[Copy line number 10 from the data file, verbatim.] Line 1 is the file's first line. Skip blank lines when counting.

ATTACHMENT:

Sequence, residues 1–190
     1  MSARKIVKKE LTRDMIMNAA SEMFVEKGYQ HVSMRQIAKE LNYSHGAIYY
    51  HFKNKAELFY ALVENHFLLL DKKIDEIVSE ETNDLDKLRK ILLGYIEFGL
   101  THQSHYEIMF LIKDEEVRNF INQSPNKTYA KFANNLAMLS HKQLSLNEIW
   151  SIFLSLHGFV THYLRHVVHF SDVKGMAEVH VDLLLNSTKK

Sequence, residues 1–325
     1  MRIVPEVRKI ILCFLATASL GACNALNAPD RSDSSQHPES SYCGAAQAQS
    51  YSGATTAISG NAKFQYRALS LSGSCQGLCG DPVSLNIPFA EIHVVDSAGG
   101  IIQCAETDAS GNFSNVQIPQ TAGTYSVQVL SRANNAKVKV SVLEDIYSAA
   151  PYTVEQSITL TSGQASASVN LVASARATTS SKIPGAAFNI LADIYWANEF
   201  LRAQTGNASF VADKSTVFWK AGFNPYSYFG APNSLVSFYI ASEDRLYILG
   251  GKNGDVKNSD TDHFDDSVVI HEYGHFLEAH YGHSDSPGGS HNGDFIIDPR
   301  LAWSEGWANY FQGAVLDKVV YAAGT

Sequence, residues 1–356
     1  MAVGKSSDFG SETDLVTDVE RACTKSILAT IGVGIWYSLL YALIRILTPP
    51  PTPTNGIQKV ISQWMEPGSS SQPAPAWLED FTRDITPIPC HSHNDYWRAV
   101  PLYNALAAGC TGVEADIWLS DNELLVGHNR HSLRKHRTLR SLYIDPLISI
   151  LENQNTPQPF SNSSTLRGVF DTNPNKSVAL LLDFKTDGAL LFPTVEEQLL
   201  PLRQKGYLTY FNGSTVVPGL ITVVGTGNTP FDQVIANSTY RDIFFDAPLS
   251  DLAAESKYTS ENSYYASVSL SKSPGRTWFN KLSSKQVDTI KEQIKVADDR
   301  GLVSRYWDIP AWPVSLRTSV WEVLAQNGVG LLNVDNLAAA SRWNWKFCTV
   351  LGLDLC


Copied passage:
   151  PYTVEQSITL TSGQASASVN LVASARATTS SKIPGAAFNI LADIYWANEF